On May 30, the California State Senate approved a bill (SB 822) that would allow the state to set and enforce net neutrality rules.
Proponents of the bill want to keep providers like AT&T and Comcast from altering internet connections to create paid “fast lanes” for specific companies.
The vote comes on the heels of the federal government’s repeal of the Obama-era net neutrality regulations.
The California vote seems to reflect popular opinion. A Mozilla/Ipsos poll released in April found 78% of Americans believe equal access to the internet is a right. Younger Americans believe even more deeply in net neutrality. The poll, which surveyed 1,007 Americans, found 84% of adults under age 35 believe equal access to the internet is a right.
I can’t help but see a parallel to cryptocurrency.
When SurveyMonkey and Global Blockchain Business Council conducted a joint poll of more than 5,700 adults in January, they found 5% own bitcoin. A majority of those bitcoin investors – 58%, to be exact – are between the ages of 18 and 34.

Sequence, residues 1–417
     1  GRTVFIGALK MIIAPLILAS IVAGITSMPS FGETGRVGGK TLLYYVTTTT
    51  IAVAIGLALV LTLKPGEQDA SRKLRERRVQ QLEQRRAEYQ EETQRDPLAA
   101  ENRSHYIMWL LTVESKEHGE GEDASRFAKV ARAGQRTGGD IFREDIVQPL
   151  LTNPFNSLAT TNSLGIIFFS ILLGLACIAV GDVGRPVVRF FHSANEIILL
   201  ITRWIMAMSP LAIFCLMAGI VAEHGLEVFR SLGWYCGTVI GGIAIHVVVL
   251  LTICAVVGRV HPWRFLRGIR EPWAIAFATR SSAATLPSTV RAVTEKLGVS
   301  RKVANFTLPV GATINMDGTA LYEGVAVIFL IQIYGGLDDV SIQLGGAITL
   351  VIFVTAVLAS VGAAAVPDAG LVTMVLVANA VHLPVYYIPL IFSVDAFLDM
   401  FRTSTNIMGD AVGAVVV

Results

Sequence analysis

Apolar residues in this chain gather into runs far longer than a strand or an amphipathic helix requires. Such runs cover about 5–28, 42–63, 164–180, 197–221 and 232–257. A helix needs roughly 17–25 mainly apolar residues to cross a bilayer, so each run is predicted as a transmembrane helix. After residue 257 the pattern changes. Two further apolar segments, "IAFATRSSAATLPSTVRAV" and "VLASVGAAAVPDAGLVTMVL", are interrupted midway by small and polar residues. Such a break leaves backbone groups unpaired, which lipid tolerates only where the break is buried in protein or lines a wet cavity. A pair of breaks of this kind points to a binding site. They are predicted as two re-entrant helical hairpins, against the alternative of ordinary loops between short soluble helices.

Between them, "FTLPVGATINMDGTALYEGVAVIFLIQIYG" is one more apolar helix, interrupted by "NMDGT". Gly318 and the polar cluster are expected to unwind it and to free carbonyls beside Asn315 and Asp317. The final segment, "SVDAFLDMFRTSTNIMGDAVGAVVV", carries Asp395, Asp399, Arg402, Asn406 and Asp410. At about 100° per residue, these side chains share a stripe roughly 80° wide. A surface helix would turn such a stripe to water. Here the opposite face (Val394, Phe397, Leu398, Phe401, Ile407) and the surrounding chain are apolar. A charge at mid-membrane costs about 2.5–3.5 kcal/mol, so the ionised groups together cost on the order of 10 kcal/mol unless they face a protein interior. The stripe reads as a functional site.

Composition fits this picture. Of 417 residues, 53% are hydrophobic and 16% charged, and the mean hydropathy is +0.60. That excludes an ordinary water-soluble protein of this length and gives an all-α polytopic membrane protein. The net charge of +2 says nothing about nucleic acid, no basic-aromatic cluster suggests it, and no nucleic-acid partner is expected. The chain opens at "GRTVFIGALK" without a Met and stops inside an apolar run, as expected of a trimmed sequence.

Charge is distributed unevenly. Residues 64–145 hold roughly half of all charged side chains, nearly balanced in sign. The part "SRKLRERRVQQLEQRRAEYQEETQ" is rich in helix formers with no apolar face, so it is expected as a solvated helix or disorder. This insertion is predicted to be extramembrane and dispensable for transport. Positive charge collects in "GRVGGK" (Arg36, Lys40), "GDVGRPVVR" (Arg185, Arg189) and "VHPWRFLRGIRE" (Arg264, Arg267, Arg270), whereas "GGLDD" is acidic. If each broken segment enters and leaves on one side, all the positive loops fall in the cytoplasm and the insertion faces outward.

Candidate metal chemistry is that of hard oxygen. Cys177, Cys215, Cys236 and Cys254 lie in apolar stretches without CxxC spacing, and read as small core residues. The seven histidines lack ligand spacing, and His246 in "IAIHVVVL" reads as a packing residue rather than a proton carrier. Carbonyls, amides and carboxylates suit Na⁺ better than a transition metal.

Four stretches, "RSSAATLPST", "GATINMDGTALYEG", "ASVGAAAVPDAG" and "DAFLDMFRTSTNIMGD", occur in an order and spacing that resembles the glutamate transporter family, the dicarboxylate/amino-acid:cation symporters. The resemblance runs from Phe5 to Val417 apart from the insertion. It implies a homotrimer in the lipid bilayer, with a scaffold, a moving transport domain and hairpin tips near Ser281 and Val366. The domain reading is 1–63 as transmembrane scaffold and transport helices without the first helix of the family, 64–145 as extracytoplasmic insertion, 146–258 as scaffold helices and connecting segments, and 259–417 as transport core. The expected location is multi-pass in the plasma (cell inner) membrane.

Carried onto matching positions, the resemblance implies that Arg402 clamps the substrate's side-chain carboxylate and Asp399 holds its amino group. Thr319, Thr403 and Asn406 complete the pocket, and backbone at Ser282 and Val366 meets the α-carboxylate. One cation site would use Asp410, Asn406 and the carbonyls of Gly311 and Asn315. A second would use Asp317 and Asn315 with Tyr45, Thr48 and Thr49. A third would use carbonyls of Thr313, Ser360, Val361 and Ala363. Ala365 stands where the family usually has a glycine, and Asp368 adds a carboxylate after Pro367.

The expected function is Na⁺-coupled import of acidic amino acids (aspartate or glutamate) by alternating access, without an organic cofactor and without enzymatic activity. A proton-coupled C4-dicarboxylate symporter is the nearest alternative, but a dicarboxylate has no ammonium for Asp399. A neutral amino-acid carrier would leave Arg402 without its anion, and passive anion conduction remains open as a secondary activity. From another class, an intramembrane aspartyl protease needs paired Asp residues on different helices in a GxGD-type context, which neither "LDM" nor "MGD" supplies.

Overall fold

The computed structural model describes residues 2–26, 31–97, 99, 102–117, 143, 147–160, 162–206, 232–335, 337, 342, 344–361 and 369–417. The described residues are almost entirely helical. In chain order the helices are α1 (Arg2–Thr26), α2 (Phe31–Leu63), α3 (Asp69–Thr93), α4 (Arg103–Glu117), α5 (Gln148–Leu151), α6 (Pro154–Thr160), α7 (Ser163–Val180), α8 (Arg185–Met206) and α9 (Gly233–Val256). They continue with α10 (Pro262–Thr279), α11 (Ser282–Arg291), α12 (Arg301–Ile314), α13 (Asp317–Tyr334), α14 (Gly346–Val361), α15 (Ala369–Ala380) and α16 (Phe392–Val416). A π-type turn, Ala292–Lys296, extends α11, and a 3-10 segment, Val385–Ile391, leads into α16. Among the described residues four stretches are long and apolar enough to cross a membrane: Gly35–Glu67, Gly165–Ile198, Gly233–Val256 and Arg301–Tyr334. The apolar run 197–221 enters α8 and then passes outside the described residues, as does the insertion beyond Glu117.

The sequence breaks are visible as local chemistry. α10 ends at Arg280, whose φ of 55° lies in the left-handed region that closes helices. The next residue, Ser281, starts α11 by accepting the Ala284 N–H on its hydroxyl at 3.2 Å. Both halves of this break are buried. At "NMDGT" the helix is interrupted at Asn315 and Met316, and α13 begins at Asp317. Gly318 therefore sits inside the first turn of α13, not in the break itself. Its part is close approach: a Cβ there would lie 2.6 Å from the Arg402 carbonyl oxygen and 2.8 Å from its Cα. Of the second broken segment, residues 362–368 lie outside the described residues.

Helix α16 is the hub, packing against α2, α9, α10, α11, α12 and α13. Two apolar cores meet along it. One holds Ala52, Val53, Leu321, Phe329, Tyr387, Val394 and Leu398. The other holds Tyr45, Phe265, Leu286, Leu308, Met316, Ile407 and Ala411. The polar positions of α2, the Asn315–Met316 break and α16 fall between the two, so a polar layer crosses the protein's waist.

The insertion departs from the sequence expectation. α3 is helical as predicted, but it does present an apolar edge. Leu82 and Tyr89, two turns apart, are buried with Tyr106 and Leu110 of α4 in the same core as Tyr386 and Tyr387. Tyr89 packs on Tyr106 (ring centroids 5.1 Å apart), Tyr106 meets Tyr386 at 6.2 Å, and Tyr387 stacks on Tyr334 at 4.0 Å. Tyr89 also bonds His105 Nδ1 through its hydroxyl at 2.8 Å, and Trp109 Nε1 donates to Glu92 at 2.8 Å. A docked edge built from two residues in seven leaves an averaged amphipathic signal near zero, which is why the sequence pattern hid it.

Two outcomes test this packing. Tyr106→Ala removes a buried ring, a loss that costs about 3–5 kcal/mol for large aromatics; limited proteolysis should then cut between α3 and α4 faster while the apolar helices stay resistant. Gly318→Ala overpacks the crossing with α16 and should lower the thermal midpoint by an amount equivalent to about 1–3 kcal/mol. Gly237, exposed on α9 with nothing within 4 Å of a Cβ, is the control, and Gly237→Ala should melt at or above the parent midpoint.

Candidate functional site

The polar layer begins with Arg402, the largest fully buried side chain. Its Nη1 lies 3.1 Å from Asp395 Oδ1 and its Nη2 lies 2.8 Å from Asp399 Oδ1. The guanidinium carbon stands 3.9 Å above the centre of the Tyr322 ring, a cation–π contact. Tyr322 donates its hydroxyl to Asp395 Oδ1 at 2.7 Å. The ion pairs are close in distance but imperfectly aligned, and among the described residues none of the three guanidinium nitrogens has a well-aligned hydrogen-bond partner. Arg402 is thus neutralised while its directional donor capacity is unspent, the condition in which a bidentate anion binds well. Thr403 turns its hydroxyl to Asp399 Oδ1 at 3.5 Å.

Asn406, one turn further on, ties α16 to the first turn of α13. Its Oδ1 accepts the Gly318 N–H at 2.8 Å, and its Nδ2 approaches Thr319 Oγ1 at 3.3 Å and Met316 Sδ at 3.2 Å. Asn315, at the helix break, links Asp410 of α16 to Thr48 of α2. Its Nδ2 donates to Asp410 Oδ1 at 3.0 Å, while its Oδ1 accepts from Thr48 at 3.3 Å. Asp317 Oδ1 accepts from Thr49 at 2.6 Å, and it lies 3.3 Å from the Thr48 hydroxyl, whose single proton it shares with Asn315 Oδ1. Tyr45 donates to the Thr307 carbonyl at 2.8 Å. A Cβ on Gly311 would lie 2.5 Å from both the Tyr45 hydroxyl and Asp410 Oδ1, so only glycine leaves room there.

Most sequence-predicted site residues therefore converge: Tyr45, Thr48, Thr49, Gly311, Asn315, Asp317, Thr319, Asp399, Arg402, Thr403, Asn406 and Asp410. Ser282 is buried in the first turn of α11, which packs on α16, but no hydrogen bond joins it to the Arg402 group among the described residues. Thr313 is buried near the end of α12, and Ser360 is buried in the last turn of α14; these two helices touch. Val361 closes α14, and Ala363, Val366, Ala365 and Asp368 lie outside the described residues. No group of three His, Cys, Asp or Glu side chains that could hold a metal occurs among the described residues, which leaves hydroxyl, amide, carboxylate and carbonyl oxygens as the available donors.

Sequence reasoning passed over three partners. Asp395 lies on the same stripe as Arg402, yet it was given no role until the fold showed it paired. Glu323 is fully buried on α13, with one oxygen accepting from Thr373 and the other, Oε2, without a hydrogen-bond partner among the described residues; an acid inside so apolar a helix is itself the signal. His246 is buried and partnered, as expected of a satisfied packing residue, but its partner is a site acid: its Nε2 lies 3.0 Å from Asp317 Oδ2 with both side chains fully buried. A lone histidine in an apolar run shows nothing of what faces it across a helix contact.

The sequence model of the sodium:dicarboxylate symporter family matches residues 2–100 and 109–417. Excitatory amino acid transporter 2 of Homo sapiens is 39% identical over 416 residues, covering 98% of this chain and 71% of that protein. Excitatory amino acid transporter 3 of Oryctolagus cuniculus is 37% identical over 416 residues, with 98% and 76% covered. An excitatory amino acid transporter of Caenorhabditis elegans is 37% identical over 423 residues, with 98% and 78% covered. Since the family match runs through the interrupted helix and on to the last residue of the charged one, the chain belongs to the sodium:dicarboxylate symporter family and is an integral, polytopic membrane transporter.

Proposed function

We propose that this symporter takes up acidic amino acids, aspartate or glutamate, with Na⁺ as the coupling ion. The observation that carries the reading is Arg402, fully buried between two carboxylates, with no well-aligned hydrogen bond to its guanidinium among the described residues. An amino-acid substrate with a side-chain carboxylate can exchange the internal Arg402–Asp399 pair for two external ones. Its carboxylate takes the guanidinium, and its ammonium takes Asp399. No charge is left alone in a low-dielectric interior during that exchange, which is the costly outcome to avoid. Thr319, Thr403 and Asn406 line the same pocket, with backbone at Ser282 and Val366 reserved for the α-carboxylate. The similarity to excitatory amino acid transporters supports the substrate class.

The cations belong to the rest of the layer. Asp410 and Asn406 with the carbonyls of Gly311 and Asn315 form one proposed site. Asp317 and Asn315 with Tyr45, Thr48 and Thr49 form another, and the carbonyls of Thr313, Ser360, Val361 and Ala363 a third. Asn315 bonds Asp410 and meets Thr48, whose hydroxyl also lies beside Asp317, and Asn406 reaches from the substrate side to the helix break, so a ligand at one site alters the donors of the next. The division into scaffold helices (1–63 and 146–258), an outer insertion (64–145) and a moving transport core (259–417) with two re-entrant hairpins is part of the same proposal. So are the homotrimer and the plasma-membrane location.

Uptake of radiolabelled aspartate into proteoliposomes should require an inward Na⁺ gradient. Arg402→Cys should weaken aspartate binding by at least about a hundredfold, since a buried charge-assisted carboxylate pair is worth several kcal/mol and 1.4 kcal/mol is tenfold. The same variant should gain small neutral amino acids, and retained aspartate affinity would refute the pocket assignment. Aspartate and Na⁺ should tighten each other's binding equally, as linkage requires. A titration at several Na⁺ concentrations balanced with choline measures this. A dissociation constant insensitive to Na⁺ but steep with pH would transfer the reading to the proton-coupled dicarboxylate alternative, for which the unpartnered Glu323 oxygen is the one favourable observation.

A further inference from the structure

These younger generations of Americans have grown up with the internet. They’re accustomed to it. They’re used to having the freedom to access anything they can type into Google or another search engine.
It makes perfect sense that they would be receptive to cryptocurrency – a new form of money based on a decentralized network connected to the internet.
Both cryptocurrency and the internet have been major forces of disruption. The internet has changed how we work, how we access media, how we go on dates and how we order takeout. Cryptocurrency is changing how we store value, how we approach transactions, how we view fiat currency and what we see as the future of money.
And just as the consequences of the repeal of net neutrality have yet to be fully realized, the consequences of regulating crypto (in whatever fashion) are unknown as well.
But one thing is certain: Young people – and young investors – are reshaping the landscape of our financial system. By embracing crypto, they are pushing it further down the path of adoption – much like they did with the internet.
And that’s the future we’re counting on.
Assistant Managing Editor, Early Investing